Fifteen minutes of glorious electro-indie-pop
Every once in a while you’ll come across an act who is just remarkable. An act that causes your ears to prick up and make you wonder: wow, who IS that? Lately, since we first heard their ‘Halfway’ single, that act has been Birch.
As if ‘Halfway’ didn’t do enough to establish them as one to watch, Birch have truly outdone themselves on their EP of the same name. Not least because it’s not the type of linear pop-tinged indie that ‘Halfway’ might have led you to suspect or expect. Right from the intense electronic intro to ‘Fighting Words’, Birch have you hooked on something addictively different.
‘Fighting Words’, as opener, does a flawless job of grabbing your attention and keeping your ears on Birch. Michelle Birsky’s vocals are phenomenal; sounding a seductive blend of attitude and innocence, which creates a commanding vocal that just works. It’s a track built around a build of momentum, and the chorus delivers this build perfectly – when it finally receives the repetition it deserves, the intensity builds until you can’t help but be caught up.
Again, ‘Halfway’ itself would not have prepared you for that type of intensity. This unpredictability continues to ‘Carolyn’, a track of slow-burning tenderness that is much more true to the typical indie sound you may have anticipated. A different shade of enjoyable indie to ‘Halfway’, showing why we have high expectations from the band. It’s tinged with melancholy, but not quite enough as closer and fellow slow-burner ‘Window(less)’.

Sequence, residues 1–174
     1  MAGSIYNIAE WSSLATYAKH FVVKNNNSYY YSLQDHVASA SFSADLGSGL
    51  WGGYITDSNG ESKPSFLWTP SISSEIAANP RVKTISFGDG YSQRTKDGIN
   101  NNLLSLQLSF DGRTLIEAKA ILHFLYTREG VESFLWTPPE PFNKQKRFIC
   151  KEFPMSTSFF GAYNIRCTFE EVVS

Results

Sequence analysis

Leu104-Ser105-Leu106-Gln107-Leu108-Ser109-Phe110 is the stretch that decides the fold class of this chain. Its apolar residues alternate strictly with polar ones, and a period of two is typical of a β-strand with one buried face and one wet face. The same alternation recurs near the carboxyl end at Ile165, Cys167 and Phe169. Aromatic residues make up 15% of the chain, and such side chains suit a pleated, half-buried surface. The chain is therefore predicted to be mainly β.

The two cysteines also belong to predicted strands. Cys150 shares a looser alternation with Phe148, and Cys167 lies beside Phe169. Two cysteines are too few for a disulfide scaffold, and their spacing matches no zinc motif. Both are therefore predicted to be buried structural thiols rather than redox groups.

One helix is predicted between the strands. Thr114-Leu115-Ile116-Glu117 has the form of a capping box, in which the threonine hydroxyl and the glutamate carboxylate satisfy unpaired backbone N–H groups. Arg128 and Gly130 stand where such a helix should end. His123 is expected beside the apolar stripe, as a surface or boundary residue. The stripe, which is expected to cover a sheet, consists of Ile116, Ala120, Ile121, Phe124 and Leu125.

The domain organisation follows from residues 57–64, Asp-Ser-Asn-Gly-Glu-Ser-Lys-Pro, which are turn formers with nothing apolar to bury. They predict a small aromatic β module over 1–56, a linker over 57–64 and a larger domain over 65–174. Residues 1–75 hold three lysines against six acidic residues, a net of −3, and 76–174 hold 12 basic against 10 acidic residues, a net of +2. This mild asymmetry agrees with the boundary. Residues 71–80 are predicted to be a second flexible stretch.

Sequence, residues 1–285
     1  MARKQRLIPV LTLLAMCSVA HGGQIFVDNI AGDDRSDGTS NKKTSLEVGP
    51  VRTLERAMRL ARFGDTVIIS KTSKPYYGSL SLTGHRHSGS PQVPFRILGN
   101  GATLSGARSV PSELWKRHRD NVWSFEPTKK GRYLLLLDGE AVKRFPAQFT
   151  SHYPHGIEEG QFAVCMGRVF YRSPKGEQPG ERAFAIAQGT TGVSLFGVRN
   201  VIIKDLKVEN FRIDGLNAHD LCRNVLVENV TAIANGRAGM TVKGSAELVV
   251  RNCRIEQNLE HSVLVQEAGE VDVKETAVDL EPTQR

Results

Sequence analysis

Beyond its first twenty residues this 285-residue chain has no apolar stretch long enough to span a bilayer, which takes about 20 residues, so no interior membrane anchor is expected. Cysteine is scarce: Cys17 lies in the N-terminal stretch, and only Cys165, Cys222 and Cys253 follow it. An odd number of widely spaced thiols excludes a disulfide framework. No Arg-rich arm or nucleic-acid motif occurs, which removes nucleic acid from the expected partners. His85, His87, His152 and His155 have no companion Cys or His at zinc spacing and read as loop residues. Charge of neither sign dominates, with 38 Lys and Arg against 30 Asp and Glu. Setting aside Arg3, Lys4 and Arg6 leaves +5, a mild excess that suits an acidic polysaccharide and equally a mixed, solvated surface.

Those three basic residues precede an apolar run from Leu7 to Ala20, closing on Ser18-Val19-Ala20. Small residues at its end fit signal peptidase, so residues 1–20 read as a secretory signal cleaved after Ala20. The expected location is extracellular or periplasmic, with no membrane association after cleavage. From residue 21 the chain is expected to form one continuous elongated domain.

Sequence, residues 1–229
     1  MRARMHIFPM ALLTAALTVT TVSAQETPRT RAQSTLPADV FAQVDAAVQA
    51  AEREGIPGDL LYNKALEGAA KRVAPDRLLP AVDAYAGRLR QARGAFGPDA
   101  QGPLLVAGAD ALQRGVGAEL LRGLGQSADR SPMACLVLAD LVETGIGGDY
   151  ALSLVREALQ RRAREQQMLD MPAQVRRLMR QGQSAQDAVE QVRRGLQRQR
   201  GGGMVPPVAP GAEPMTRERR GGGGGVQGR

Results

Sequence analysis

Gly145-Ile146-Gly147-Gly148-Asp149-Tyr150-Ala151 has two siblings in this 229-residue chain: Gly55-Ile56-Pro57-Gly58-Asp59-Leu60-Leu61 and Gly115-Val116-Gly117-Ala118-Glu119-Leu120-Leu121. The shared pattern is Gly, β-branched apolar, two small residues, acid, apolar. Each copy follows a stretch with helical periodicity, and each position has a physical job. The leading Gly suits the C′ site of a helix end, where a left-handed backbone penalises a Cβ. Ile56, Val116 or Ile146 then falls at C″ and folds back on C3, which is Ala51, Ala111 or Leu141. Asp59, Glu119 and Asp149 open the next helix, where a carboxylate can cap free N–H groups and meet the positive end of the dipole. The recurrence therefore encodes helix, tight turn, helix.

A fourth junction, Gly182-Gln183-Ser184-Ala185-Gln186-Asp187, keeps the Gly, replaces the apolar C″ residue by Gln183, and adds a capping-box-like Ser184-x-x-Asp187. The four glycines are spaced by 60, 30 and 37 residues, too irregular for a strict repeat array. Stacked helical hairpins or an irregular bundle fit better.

Every track on ‘Halfway’ is absolutely stunning; each beautiful in their own rights, made fantastic by their union on this EP. It’s a coherent experience despite the shifting shades of music. The tracklisting eases these changes, alternating between upbeat and downbeat respectively.
The most interesting and fascinating thing about this EP is that it leaves you cluelessly wanting more. It’s hard to choose the stronger of the two sounds, when both upbeat and downbeat tracks are perfectly formed and majestic. So you want more not just because it’s good, but because you want to know how far the band can take both sounds before developing a strength in one over the other. And that looks like it could be a long and enjoyable journey.